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City approves FY 2015 budget

Osceola City Council’s fiscal year (FY) 2015 budget has been approved.

“This was not an easy budget year, obviously, for us,” said Ty Wheeler, city administrator/clerk, during a March 4 city council meeting. “There were a lot of changes that went into the property-tax laws that we had to compensate for and begin to try to plan around.”

In the city’s FY 2015 budget:

• Total expenditures, including all capital projects, were $16,108,000.

• Total revenues were $16,393,000.

• Property taxes accounted for $2,364,000.

• The property-tax levy rate was $14.68 per $1,000 in taxable valuation.

Taxable valuation

Wheeler said there were two big changes this year that deal with taxable valuation, including it being the first year of a property-tax rollback where all commercial and industrial properties, telecom properties and railroad properties were rolled back by 5 percent.

“The city will receive a backfill for those commercial and industrial properties, however, not for the telecom or railroad properties,” Wheeler said.

According to Wheeler, the second change with the taxable valuation was the equalization process at the county level, and where the residential building valuation went down by 15 percent.

“Overall, we saw a decrease in that total taxable valuation,” he said, “a change in how that levy rate is calculated, in so far as what gets thrown into the taxable valuation formula, which caused us to go back and review what our levy had been historically and, perhaps, take a little bit different approach.”

Tax revenue approach

Wheeler said the city took a tax revenue approach to the budget, instead of a tax rate neutral approach, in order to keep the tax dollars the same and not worry what the rate did.

As for other aspects of the FY 2015 budget, Wheeler said the sanitation fees will start to pay for all solid waste costs, and not just for the contractor. Capital improvements will continue as planned, and the city will continue to use its local, grant and casino funding. Also, sewer rates will continue to go up.

“The bottom line is that we tried to minimize the impact on the check that the property owner had to write out,” said Councilman Dr. George Fotiadis. “In other words, the goal of the budget was to try not to spend any more money than in the previous year, despite the message of the rate.”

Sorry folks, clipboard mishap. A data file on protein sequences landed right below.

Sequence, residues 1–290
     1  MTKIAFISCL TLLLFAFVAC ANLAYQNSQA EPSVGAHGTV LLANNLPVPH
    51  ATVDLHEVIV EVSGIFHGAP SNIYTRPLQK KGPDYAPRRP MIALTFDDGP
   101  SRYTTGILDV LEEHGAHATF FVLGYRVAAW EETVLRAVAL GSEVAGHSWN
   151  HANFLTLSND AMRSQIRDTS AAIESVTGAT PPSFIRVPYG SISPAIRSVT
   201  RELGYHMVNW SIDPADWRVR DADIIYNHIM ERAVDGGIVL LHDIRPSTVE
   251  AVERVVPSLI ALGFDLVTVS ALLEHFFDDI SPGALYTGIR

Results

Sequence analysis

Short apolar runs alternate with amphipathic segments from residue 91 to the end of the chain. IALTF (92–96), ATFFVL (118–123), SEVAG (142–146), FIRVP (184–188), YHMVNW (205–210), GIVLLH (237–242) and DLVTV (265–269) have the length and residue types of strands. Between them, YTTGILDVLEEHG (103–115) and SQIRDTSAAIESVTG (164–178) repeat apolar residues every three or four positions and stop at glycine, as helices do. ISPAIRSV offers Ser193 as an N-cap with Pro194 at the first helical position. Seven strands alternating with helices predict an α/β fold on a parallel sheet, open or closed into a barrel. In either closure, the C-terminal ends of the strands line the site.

State shift

Fotiadis said there was another message the public should know.

“There’s a desire on the part of the statehouse to shift local property tax burdens away from commercial interests and onto the interests of the private individual homeowners with the notion that this would generate a good economy and encourage more businesses to enter the state.” he said. “And, I guess, all we’re able to do is work within that.”

If the public doesn’t like this type of trend, they should address it with their local representatives, Fotiadis said.

Councilman Glenn Schaff said he thought there was more budget “cutting” the council could have done before it went to approval on the agenda.

“It seems to me like there’s several alternatives to cutting, and I think we need to take a look at that,” Schaff said.

Public comment

During the council meeting, a public hearing was held on the FY 2015 budget. Dr. Jim Kimball asked Wheeler to state the city’s total capital expenditures, revenues and property taxes, which Wheeler did.

Fotiadis thanked Kimball for taking a vested interest in the city’s budget.

“This is probably about the most important document we prepare,” Fotiadis said.

Schaff votes no

The council approved the budget with Schaff being the only councilman voting no.

“The reason I voted no on that, I believe that there’s several places we could cut and save raising any more tax to keep that levy where it was the past four or five years,” Schaff said. “And, I’d like to make the pubic aware that I’m voting no on that simply because there’s room to be cut.”


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